Dr Robert London

Treating Panic Disorder and Agoraphobia

Clinical Psychiatry News - Volume 33, Issue 8, Page 22 (August 2005)

Thousands of people are seen in emergency departments nationwide for chest tightness, shortness of breath, dizziness, and perfuse sweating accompanied by shaking, tingling in the extremities, and an imminent sense of doom. These patients are routinely evaluated for heart attacks, GI disorders, and possibly thyroid disease.

As it turns out, many of these patients are experiencing psychiatric symptoms. Some emergency department physicians estimate that up to 50% of those acutely ill people have some form of stress or anxiety.

A literature review in the Canadian Journal of Psychiatry found that 30% of emergency department patients who presented with chest pain and had a medical work-up for coronary artery disease were diagnosed with a panic disorder. Furthermore, 98% of those panic disorder patients went undiagnosed when first evaluated (Can. J. Psychiatry 2003;48:361–6).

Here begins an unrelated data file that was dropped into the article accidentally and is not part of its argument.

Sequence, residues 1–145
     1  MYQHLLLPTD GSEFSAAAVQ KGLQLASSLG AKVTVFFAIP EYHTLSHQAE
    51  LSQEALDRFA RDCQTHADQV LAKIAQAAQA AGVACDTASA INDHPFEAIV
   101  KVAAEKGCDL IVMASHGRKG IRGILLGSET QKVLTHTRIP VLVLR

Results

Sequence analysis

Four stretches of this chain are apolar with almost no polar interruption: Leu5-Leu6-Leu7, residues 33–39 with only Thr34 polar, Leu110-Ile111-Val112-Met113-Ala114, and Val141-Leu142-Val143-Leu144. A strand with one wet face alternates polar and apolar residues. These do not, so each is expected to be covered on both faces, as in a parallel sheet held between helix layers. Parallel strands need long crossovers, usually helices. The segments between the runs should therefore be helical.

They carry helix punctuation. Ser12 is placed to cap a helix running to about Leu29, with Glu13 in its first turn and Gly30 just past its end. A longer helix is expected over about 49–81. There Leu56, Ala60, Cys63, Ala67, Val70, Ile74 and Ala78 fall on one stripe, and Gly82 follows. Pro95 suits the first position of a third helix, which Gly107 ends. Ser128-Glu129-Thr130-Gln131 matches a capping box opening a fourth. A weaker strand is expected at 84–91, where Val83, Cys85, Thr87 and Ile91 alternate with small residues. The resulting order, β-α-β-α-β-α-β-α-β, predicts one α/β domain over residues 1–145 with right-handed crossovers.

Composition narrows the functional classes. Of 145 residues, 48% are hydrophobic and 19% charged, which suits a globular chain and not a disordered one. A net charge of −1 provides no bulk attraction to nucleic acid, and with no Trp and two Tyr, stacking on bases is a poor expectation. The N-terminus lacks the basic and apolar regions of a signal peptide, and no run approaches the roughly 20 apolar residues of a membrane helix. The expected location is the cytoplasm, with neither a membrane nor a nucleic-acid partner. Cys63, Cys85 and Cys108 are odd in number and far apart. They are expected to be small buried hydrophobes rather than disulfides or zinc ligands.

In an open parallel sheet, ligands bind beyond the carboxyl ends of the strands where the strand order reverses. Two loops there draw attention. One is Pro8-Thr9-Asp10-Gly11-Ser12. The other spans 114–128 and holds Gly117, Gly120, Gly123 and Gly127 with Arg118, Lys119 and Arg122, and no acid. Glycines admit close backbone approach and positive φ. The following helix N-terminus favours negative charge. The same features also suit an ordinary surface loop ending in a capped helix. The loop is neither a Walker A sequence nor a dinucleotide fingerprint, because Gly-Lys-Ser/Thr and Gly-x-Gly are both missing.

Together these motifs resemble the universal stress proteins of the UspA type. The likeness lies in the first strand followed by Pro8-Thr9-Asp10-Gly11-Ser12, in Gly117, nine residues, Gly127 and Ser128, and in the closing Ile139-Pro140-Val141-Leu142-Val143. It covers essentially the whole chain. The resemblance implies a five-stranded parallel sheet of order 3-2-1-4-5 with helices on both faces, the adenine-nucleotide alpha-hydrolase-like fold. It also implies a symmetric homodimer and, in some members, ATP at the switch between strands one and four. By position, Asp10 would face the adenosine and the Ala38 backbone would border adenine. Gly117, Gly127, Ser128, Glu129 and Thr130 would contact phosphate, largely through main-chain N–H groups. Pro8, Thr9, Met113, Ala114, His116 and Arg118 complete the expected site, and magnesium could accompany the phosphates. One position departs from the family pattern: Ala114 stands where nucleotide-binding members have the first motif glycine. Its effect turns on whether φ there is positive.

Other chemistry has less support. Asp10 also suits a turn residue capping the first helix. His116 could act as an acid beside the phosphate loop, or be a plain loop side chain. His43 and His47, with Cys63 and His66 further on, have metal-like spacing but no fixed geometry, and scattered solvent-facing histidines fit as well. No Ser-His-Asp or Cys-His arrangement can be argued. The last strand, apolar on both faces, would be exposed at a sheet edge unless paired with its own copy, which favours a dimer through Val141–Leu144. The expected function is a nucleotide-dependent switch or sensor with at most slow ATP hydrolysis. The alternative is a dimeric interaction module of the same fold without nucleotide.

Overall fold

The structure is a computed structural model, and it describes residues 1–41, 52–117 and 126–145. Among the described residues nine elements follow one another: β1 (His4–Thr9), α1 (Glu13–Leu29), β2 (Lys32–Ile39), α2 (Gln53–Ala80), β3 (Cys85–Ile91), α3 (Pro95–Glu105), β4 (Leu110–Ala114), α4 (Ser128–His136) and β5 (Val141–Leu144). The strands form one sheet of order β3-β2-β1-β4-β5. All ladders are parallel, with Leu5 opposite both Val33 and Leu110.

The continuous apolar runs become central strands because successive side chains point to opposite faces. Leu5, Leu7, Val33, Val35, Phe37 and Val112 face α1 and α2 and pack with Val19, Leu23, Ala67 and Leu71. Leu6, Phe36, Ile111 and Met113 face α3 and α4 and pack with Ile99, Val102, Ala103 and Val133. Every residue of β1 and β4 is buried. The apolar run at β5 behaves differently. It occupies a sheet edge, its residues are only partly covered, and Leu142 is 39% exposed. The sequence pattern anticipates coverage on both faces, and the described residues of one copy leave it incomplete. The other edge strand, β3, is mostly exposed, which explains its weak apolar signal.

This was not always the case. In the mid-1970s, for example, the short-term psychotherapy program at New York University Medical Center/Bellevue Hospital in New York began to see its first panic disorder patients. At that time, most outpatient therapy was analytic, analytically oriented, or driven by some analytic model. Results-oriented, short-term treatments were not as valued as they are today. Cases in which patients recovered because of transference were considered successful—a concept that was invalid then and remains so today.